The violence has already forced dozens of families to flee their homes and abandon groves of olive trees tended by their families for generations. My colleagues, including Loveluck, visited the West Bank community of Zanuta, whose 150 or so Palestinian residents were leaving in fear for their lives. “Those settlers are above the law; they are the state now,” Aser al-Tal, a 59-year-old shepherd, said to my colleagues.

“Those settlers could slaughter us and no one would care. What do you want me to say?” he added, beginning to cry. “There are no words to describe the misery of this life.”

Settler violence is erasing Palestinian communities in the West Bank

For sections of the Israeli far right, which forms a major part of Netanyahu’s government, Palestinian dispossession is the unspoken prerequisite to their aims. In a telling interview with the New Yorker, Daniella Weiss, a veteran leader of the Israeli settler movement, showed, at best, indifference to the plight of Gaza’s Palestinians, saying they should be dispersed to countries like Egypt and Turkey and that Israelis should resettle Gaza. (Netanyahu and some of his allies in government have so far resisted such calls.)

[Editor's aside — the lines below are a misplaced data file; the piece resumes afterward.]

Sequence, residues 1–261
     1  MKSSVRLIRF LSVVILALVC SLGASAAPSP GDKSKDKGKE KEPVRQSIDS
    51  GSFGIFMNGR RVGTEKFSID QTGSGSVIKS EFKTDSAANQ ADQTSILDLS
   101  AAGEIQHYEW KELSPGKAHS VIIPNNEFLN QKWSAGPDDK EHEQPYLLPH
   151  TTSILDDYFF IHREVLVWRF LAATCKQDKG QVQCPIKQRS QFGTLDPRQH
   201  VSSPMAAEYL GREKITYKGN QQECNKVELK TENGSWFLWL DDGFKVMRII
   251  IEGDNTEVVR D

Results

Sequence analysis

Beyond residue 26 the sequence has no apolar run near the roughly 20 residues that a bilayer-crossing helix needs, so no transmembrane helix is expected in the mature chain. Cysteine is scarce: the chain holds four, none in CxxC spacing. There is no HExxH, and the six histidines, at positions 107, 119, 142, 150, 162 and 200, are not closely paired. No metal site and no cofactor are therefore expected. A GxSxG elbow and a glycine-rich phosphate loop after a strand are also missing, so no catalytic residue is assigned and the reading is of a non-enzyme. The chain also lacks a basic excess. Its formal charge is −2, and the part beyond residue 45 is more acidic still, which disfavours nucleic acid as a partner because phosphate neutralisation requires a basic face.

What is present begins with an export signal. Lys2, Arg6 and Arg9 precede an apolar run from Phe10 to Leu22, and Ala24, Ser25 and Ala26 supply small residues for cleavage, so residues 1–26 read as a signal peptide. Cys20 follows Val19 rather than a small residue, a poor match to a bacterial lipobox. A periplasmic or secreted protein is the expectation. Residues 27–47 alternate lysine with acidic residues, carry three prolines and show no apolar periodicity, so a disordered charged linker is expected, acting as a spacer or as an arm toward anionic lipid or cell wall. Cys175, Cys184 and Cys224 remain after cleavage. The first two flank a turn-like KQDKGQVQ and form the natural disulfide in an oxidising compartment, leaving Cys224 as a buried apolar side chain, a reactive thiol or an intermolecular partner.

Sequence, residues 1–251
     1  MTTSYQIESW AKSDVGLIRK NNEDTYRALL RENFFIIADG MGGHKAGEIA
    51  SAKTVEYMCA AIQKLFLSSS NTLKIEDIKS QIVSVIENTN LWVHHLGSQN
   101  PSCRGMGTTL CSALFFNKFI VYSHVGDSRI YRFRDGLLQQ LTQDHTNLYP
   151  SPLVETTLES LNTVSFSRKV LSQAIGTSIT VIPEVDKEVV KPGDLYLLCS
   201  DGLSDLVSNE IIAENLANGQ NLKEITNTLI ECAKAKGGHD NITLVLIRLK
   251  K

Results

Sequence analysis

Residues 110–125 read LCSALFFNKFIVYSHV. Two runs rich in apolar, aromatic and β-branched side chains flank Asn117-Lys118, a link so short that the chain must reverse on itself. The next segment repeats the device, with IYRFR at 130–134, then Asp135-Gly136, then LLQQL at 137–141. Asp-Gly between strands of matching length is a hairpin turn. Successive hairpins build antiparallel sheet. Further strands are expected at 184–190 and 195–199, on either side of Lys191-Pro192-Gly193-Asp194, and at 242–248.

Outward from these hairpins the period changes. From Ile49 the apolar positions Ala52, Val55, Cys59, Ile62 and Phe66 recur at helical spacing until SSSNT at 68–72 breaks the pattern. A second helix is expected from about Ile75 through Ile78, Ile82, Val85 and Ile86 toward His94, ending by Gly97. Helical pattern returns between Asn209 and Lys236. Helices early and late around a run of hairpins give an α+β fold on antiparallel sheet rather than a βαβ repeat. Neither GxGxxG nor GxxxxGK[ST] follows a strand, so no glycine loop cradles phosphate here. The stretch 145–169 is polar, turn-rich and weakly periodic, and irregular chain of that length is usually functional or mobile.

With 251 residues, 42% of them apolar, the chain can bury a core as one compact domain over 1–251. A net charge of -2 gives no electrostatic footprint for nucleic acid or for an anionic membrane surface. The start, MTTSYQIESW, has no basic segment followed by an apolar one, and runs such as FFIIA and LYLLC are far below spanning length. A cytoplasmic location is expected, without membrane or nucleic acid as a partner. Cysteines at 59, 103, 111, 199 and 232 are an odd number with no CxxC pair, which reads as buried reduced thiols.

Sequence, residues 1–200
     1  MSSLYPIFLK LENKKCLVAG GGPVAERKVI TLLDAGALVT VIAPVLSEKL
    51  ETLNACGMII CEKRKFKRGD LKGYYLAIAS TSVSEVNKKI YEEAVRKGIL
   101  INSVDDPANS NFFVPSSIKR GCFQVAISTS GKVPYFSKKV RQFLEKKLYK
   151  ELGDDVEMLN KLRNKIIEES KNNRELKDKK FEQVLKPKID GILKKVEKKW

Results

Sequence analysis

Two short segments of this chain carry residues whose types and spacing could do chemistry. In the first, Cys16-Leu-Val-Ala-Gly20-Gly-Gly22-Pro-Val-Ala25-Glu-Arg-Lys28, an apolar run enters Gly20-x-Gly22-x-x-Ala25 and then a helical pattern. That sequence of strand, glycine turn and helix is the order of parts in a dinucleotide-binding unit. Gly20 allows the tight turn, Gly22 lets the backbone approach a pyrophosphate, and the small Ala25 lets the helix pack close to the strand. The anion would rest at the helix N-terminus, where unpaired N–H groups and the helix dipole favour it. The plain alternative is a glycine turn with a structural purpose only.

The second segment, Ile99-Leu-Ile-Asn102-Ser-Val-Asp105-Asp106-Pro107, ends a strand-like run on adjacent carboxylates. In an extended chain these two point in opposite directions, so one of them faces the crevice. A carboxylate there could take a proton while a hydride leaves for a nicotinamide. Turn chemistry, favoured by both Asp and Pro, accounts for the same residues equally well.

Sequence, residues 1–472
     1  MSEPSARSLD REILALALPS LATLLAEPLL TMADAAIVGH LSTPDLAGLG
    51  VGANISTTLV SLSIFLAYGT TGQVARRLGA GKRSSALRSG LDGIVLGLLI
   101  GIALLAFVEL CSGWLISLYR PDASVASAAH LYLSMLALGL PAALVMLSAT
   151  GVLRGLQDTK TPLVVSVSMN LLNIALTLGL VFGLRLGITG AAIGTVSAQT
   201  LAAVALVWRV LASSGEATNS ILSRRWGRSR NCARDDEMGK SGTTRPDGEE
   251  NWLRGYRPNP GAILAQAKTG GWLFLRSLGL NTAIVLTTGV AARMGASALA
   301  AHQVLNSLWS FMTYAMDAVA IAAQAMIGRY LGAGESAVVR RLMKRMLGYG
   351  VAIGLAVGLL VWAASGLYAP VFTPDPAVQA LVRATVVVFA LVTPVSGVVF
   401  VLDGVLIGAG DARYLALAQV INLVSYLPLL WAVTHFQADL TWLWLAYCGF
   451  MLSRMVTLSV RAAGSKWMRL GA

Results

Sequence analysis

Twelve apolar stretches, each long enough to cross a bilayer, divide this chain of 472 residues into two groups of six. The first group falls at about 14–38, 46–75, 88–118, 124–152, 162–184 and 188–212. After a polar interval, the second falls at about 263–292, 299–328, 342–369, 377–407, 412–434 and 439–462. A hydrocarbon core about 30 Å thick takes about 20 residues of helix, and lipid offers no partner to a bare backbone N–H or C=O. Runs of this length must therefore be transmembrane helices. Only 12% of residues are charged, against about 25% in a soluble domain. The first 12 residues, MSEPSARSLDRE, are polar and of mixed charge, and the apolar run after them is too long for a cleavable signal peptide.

When it came to the actions of Israeli settlers in the West Bank, including attacks and intimidation that led to the eventual appropriation of Palestinian land, Weiss was blunt about their goals and unmoved by the condemnation they have drawn from the Biden administration.

“The world, especially the United States, thinks there is an option for a Palestinian state, and, if we continue to build communities, then we block the option for a Palestinian state,” she told the New Yorker’s Isaac Chotiner. “We want to close the option for a Palestinian state, and the world wants to leave the option open. It’s a very simple thing to understand.”